I have always liked Flynn for clearly being the son of Tulio from The Road to El Dorado for years, but Rapunzel herself is fantastic. With her underbite and a goofiness that never takes away from her dignity, she’s thoroughly endearing. She’s spent her captivity teaching herself all sorts of useful skills, including beating people up with frying pans. She’s sweet and a bit naïve, but extremely capable–when Flynn, trying to lose her, takes her to a pub and ends up in a very unbalanced fight, Rapunzel leaps to his rescue without a second thought. And then she charms them all into a musical number. She and the very funny Flynn play off each other well, especially since Flynn is (initially) such a worldly, slick charmer–who has little to no effect on Rapunzel. She only starts to like him romantically after a near-death experience, when he begins to open up to her. I love their relationship; I’ll say little else for fear of spoiling, but they’re perfect together. Gothel, as the main villain, is fascinating–a brassy, vivacious woman who can turn cold and deadly on the spot, especially as she gets more desperate towards the end of the film. Her villain song, “Mother Knows Best”, is not only a great song, but it’s fantastically staged, too.

I have to admit, The Hunchback of Notre Dame is my favorite Menken score, but Tangled’s is fun. Like many a Menken film, the songs tend to vacate the premises in the second art, which certainly happens here. Rapunzel’s cheerful “When Will My Life Begin?” lightens the mood after a fairly dark prologue, and “I’ve Got a Dream”, the musical number with the pub thugs, is hilarious–even if Menken playfully considers it to be “one of the dumbest songs I’ve done in my life”. The musical inspiration here is folk rock, which is really apparent in the fairly subdued love duet, “I See the Light”. (Also, Zachary Levi can really sing. Wow.) I was also over the moon that Tangled avoids the power dynamic pitfalls some Disney princesses fall into–Rapunzel and Flynn are always on equal terms, as are her parents (despite the lack of dialogue for them, it’s apparent that the Queen is her husband’s rock), there’s no teenage wedding (Ariel!), and I don’t think it’s really a spoiler to say that the film makes it explicit that Rapunzel will one day be Queen, thus outranking all the Disney Princesses. All in all, it’s tons of fun.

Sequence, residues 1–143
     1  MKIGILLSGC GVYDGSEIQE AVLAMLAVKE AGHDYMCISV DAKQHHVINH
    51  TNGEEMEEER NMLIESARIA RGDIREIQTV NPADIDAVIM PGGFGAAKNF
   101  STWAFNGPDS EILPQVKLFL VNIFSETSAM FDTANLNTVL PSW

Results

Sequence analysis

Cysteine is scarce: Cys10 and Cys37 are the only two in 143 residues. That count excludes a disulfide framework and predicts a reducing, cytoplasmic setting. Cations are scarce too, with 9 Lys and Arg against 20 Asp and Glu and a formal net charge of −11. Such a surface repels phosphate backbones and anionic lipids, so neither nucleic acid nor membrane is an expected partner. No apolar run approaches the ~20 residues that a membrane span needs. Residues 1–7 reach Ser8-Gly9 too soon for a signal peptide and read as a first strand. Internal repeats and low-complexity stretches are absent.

I really could go on and on, but that’s what fandom is for, really. I will restrain myself to pointing out one Easter egg–the pub thug that’s sent to go fetch the guards? He’s an early design for Flynn; they’re even wearing the same colors. Ha!

Bottom line: After all those years in development, you’d hope Tangled is amazing–and it is. The animation is stunning, marrying the best of 2D animation with the efficiency and vastness of digital animation, the music is solid (though it could be better), and the characters are fantastic–Rapunzel and Flynn are a fantastic couple, and Mother Gothel is a refreshing villainess. If you love Golden Age Disney, musicals, or just want to feel all warm and fuzzy, I can’t recommend it enough.